Another Commissioner of Police who spoke to Daily Trust on condition of anonymity because he was not authorised to speak, wondered why Nigerians could not direct their anger to the government for its failure to provide necessary equipment and resources for the police officers to perform.

The senior police officer argued that the government has the sole responsibility of providing necessary equipment and resources for the police, urging the media to help in informing the government on why the force should be funded properly.

The CP noted that police officers in most cases, use tracking equipment that belong to private companies, hence, there is a need to pay to the companies.

“Is it not your newspapers that wrote the fact that our tracking equipment is down? So, if now our tracking equipment is down and we have to use a private tracker, and the private tracker is expecting him to pay money, is it his salary that he’s going to use to make the payment?

“You people are not being fair to us. You are not just being real. We leave in a country where everybody is just pretending that you’ve provided these people the tools to work and you know they don’t have it.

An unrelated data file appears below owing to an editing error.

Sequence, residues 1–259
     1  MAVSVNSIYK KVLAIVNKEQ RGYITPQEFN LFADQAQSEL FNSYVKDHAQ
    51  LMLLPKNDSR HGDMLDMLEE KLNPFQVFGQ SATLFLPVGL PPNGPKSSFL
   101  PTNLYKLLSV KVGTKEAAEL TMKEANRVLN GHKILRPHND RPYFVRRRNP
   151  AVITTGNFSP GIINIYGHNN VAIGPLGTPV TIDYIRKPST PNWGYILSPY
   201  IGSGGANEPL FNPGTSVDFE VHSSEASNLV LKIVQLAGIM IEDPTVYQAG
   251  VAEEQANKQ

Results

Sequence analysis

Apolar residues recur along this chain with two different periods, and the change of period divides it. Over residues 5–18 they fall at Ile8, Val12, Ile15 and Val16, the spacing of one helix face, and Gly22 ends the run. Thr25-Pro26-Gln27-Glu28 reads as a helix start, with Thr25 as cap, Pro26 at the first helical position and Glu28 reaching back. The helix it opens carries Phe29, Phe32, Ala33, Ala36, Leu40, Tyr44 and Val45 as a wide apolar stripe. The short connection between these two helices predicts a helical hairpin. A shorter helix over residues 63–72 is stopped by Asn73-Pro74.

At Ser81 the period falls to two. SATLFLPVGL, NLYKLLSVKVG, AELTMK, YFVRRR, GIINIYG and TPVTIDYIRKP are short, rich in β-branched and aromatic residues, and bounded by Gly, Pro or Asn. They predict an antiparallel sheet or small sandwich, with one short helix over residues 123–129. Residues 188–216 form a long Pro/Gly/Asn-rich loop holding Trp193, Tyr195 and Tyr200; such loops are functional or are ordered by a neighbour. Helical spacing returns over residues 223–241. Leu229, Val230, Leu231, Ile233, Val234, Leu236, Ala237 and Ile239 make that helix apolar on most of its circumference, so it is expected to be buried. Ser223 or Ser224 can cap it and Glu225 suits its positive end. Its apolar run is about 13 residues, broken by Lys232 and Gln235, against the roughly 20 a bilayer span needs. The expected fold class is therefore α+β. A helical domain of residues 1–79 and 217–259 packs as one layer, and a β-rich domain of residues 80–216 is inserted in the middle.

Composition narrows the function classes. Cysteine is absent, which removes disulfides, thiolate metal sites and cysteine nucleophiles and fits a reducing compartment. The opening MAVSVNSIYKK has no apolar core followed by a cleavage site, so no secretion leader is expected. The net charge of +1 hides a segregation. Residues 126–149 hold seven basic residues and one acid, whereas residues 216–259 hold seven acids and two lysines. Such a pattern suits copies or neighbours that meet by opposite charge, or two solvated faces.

“You wrote a report and you know our tracking equipment is down. So, when they want to track and they had to contact somebody and they have to pay the person, how many times should they use their money to pay?”

‘Tracking kidnappers, carjackers via GPS technology’

Information and Technology (IT) experts have said insincerity on the part of the government to combat crimes using modern technology is mainly responsible for the inability to track criminals through their communications devices.

Speaking to Daily Trust on Sunday, the experts also said some people in government are playing politics with security issues while some of them have allowed ethnicity to becloud their judgement on the security situation in Nigeria.

A Lagos-based IT expert, Mr Tokunboh Smith, told Daily Trust that  relevant laws are also not enforced to effectively make technology function well in combating crimes in the country.